February is American Heart Month, and what better of a day to discuss hearts than Valentine’s Day? To all women… how is your heart?
Many might think of Heart Disease as a “man’s disease”, but it is actually the number one killer of women in the US. One out of every three women will die of heart disease, that’s even higher than deaths caused by breast cancer (American Heart Association (AHA), 2020).
Harsh statistics… What can you do?
Heart disease is unlike many diseases as it is generally preventable with a few lifestyle adjustments and very doable proactive steps. While genetics may play a role in your susceptibility and risk factor of developing heart disease, your lifestyle likely plays an even bigger role.
Heart disease causes damage to your blood vessels and cardiovascular system. It is marked by atherosclerosis, the buildup of plaque along the walls of your arteries impeding blood flow (AHA, 2020). Heart disease, when left undetected and untreated, can lead to blood clots, heart attacks, and strokes. These medical events can be life-threatening and cause serious damage to all systems and components of the body.
Now for the good news… You can help make sure that this risk NEVER becomes your reality.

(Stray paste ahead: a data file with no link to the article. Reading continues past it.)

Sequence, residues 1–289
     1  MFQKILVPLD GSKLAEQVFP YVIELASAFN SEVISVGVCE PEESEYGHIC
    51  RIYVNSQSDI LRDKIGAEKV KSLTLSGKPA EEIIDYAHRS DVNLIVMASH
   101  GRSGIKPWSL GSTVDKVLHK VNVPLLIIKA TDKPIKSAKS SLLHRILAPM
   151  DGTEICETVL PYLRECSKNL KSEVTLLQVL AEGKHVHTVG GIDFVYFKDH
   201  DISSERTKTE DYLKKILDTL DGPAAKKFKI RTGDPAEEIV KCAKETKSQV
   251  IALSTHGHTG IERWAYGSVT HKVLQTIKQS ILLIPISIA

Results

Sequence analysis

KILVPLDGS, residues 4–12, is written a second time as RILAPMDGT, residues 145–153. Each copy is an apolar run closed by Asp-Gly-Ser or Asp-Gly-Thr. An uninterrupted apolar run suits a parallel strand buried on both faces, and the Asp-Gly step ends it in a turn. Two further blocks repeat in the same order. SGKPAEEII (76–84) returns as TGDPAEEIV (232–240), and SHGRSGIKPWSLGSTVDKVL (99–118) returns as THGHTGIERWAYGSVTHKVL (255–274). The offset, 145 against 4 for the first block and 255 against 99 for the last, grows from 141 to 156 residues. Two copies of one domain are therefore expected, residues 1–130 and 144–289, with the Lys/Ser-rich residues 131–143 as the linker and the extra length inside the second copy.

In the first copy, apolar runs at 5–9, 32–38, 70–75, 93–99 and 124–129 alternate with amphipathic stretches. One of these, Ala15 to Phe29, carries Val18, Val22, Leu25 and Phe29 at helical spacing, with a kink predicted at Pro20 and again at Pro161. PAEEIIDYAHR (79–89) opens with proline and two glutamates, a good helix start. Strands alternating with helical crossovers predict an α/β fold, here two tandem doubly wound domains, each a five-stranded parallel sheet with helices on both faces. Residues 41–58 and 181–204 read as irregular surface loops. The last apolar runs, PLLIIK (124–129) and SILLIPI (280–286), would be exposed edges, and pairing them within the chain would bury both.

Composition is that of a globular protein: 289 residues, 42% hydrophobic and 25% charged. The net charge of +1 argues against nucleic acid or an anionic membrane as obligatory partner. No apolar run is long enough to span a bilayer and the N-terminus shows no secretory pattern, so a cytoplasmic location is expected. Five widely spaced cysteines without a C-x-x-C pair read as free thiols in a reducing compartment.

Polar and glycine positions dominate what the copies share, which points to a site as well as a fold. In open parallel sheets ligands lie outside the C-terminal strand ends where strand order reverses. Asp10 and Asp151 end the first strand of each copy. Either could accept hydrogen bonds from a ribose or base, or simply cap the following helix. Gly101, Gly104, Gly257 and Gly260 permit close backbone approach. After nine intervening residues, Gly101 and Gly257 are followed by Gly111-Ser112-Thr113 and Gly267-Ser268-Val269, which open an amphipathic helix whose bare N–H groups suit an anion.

The first step to preventing heart disease is to eat healthy. Cholesterol, sodium, and other substances have a direct influence on the health of your heart, so be sure to eat healthy snacks and meals that provide your body with needed nutrients and minimize unhealthy sugars or fats.
The next step is to exercise regularly. Staying active promotes healthy blood flow and, therefore, a healthy heart! Plus eating healthy and staying active can help individuals to lose weight, which is another step in preventing heart disease.
A few other lifestyle changes that can help you prevent the onset of heart disease are (AHA, 2020):
Know your family history and get regular check-ups
Monitor your blood sugar
Keep your blood pressure under control
While heart disease may be a real risk, you have the power to safeguard the future health of your heart! Be proactive and Go Red this February!
To find out more information about Go Red, heart disease, and prevention efforts visit: https://www.goredforwomen.org/